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Article
May 1951

SIGNIFICANCE OF POSTOPERATIVE GLYCOSURIA AND KETONURIA IN NONDIABETIC ADULTS

Author Affiliations

ST. LOUIS
From the Washington University School of Medicine, Department of Surgery, and Barnes Hospital.

AMA Arch Surg. 1951;62(5):683-697. doi:10.1001/archsurg.1951.01250030693010
Abstract

EVEN though glycosuria and acetonuria are fairly common after operation, their exact significance is not generally known. Do they mean a serious disturbance in carbohydrate metabolism? Is the excretion of ketone bodies evidence of a transient overproduction thereof by the liver or of diminished utilization by peripheral tissue? Is the glycosuria the result of a diminution of peripheral utilization of glucose or of increased glycogenolysis? A number of surgical patients were observed in whom quantitative determinations of the 24 hour output of glucose and of acetone were made in an attempt to answer these questions. A few of these observations were briefly reported in a previous paper from this laboratory.1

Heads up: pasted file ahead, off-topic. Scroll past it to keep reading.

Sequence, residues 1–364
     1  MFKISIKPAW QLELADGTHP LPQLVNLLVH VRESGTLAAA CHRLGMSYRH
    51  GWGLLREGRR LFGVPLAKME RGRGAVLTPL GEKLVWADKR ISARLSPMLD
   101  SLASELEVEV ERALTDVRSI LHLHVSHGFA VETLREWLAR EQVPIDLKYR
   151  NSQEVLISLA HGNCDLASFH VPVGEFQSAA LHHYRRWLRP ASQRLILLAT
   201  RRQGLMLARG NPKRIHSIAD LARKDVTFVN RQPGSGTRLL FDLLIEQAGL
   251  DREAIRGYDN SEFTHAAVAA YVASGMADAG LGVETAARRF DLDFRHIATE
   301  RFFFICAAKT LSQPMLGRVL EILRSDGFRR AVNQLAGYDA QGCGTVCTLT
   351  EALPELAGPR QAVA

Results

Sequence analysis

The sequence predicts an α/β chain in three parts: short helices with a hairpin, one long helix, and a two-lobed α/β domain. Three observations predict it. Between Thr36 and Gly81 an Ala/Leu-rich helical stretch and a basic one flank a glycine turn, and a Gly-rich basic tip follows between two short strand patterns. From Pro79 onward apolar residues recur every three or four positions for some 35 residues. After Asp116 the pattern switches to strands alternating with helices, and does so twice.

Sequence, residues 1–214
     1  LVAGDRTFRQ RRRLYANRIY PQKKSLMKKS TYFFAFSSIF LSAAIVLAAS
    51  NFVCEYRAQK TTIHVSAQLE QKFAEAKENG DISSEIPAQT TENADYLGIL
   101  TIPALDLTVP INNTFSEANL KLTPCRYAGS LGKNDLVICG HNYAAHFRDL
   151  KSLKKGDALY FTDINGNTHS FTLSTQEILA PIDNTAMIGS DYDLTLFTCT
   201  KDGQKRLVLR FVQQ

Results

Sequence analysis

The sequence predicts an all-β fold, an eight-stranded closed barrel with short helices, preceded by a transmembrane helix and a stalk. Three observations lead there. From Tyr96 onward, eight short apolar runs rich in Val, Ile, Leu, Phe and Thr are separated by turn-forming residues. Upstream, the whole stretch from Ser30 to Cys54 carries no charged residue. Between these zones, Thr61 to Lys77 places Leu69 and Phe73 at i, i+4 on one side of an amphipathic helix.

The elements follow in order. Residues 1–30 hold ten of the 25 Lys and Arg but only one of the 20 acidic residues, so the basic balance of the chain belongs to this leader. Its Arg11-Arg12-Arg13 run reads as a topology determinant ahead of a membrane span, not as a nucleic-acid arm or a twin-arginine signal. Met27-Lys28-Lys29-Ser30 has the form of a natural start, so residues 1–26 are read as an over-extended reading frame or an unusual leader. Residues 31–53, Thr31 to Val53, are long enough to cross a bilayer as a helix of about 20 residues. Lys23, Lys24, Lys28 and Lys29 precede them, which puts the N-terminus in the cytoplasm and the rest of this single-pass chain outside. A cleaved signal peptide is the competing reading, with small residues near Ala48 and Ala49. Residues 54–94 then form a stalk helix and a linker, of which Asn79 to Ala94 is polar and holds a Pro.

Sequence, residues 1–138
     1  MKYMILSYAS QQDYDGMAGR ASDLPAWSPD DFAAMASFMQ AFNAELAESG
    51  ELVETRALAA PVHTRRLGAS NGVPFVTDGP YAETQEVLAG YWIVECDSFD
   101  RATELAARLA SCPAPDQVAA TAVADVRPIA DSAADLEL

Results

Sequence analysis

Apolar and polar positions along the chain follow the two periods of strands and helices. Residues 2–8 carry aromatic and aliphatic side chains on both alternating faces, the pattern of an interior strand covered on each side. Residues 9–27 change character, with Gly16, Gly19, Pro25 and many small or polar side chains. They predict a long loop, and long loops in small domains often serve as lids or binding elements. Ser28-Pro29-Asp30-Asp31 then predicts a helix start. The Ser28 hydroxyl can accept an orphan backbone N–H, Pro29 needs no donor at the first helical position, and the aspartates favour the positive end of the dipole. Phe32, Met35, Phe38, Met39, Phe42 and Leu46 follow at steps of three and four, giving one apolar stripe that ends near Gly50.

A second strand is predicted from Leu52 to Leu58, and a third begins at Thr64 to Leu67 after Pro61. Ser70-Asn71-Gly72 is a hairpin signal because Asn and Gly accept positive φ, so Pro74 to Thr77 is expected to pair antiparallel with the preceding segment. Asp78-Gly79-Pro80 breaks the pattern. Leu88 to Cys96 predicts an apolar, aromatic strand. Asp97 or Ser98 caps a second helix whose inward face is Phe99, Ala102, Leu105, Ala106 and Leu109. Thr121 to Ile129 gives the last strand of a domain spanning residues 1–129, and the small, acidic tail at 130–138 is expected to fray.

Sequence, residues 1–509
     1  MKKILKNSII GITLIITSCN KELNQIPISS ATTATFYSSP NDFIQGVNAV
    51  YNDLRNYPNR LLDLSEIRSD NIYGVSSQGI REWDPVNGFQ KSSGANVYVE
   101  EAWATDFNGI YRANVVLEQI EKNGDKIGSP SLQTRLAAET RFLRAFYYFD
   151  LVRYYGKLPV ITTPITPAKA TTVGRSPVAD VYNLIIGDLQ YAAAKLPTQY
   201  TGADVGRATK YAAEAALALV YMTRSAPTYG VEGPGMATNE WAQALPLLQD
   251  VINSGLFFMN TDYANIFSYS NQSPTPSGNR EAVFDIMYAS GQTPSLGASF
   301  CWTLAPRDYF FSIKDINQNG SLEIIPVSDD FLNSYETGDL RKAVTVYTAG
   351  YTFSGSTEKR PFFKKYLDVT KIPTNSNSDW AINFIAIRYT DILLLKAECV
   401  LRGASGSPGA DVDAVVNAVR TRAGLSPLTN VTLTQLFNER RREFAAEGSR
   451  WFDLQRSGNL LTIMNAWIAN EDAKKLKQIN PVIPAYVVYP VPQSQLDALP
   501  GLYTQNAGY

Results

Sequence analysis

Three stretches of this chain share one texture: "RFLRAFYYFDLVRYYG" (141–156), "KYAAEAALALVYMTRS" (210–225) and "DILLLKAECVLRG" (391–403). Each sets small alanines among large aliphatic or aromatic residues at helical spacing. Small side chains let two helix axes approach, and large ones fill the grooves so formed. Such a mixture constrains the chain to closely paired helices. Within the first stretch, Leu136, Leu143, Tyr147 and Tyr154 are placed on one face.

PREVIOUS WORK  In an exhaustive report published in 1933, Roscher2 studied and reviewed postoperative acidosis and ketonuria. A disturbance in acid-base balance was common, particularly in patients operated on under general anesthesia. A fall in the pH and

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